The aforementioned internal vote saw the Democratic party largely support Pelosi. However, a small group of thirty-two “rebels” opposed her candidacy, refusing to back an individual who has been at the helm of Democratic leadership for over a decade. While making up a negligible number among Democrats, they posed a serious threat to Pelosi’s prospects for the gavel, as without their support she lacks the 218 votes necessary to win the Speakership in the bi-partisan House. As an apparent compromise, on Dec. 12, Pelosi agreed to support rules intended to “break the gridlock” and impose term limits on Democratic leadership positions, raising the number of her supporters to 210 and ostensibly embraced popular calls for leadership reform. Retroactively limiting the term of Speaker and other high profile leadership positions to three terms (with a fourth term permissible with two-thirds approval from the Democratic caucus), the rule change would limit Pelosi’s reign to 2022.

While hailed as a monumental compromise and a show of good-will, in reality, the agreement seems to work entirely in Pelosi’s favor since the large opposition has been weakened and her tenure allowed for four extra years. At seventy-eight, it is unlikely that she would hold the post for longer than that anyways, and whatever potential gains made are as easily reversed should other members of the leadership, who have publicly opposed the rule change, decide to exert their influence in the chamber at a later date. Furthermore, while new Democrats have potentially gained an ephemeral victory, they have done so at the expense of the greater party, since despite her advocacy for liberal causes she is not a popular figure at the national level. Even among Democrats, many see her as an obstacle to change and blame her for some of the Party’s worst showings, such as in 2010 when the Democrats lost sixty-three seats in the House (their worst performance since 1938) due largely to the unpopularity of the Affordable Care Act, whose excessive scale was pushed for by Pelosi.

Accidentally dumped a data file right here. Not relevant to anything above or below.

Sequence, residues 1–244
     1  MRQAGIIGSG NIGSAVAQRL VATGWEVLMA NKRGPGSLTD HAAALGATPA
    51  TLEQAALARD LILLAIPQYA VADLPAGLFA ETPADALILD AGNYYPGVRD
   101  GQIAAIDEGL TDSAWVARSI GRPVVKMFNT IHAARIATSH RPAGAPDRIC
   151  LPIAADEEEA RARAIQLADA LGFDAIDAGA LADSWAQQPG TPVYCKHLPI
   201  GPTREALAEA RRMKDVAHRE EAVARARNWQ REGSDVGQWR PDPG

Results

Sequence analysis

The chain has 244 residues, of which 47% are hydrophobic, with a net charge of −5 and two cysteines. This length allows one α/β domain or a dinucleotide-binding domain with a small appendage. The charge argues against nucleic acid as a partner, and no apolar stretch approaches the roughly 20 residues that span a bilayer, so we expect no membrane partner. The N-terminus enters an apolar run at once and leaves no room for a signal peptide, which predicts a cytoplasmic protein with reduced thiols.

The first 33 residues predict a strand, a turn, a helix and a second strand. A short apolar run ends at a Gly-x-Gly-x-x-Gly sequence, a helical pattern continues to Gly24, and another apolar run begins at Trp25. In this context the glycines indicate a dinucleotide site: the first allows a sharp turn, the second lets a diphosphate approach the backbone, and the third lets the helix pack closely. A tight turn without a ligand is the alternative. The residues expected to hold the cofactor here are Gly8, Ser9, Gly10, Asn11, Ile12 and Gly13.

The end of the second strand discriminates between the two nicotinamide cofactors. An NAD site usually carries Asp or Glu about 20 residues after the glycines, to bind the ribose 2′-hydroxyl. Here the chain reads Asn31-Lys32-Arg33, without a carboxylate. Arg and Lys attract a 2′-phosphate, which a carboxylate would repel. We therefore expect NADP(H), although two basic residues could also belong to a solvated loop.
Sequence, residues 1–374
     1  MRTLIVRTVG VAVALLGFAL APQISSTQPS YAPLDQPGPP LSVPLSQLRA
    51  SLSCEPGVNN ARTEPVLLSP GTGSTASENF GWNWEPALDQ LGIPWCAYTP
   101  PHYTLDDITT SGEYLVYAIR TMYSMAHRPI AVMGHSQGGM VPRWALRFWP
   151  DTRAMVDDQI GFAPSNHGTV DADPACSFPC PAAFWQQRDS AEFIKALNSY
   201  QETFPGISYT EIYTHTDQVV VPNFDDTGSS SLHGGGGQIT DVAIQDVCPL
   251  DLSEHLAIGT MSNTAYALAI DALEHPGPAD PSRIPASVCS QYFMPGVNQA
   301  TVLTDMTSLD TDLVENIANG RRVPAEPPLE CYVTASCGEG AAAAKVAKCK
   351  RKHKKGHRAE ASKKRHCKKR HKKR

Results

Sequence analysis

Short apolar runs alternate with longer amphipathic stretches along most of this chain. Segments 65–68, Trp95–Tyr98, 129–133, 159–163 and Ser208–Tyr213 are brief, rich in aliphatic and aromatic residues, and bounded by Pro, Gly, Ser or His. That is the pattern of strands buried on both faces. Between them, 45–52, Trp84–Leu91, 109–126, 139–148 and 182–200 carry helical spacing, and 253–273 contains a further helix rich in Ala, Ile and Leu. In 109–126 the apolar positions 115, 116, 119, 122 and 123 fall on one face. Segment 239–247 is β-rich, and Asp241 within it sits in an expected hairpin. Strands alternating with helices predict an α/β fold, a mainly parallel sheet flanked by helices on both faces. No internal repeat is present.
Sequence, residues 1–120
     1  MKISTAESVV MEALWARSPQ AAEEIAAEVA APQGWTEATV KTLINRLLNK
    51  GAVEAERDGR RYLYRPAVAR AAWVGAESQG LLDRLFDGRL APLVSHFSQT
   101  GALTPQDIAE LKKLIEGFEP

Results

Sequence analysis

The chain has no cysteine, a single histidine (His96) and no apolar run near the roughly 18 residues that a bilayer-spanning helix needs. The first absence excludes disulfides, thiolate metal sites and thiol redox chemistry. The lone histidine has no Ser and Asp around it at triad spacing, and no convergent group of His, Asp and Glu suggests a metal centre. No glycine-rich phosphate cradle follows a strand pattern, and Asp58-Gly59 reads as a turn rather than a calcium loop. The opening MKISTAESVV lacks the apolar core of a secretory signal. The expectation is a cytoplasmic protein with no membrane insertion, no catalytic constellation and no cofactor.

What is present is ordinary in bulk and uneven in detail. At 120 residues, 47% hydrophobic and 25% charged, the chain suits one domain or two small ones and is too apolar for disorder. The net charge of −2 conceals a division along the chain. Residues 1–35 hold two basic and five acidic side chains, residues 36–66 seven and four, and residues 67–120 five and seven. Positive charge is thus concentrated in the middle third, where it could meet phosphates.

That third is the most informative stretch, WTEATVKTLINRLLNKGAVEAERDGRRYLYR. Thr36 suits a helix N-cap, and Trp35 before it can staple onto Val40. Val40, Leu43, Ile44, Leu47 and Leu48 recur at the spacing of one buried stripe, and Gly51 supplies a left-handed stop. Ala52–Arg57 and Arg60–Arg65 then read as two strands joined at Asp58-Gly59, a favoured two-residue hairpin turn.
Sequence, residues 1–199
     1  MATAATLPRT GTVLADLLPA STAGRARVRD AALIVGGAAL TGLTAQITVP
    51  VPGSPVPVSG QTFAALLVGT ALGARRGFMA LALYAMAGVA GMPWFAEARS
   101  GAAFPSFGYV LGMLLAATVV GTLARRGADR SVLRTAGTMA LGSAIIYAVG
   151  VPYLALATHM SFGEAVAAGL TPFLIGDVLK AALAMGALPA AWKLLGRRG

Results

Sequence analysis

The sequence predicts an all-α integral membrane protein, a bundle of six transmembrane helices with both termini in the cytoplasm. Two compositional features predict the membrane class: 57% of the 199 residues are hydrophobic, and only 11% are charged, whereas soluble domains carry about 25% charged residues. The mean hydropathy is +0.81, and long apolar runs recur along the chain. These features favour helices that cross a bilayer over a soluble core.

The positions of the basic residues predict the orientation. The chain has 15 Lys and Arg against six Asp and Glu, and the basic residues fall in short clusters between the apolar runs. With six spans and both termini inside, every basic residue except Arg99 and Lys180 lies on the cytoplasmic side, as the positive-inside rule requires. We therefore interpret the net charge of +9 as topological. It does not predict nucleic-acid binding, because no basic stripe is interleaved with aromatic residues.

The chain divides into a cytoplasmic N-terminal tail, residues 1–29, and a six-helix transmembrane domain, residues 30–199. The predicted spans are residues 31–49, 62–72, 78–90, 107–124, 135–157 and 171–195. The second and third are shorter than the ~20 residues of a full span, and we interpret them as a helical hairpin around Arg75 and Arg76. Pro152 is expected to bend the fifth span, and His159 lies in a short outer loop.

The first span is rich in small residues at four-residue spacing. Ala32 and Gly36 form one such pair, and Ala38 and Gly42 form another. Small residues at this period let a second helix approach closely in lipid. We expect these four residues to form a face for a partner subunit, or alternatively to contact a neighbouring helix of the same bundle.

While Pelosi is expected to just barely clinch the position, as of this writing, she nevertheless lacks the 218 votes required to assure victory in an in-house election known for its partisanship and occasional but increasingly frequent protest votes. As with the Hilary Clinton debacle in 2016, the Democratic Party risks showing a very damaging lack of cohesion should she fail to obtain majority approval. Such a scenario would surely damage the party at a crucial time when it holds the majority in the House and faces important challenges such as resolving the partial government shutdown, judicial attempts to invalidate Obamacare and a slew of upcoming budgetary and fiscal deadlines. Without a suitable alternative, the Democratic power vacuum could render the Party and, through its partial control of Congress, the government inoperable at a time when the nation cannot afford inaction.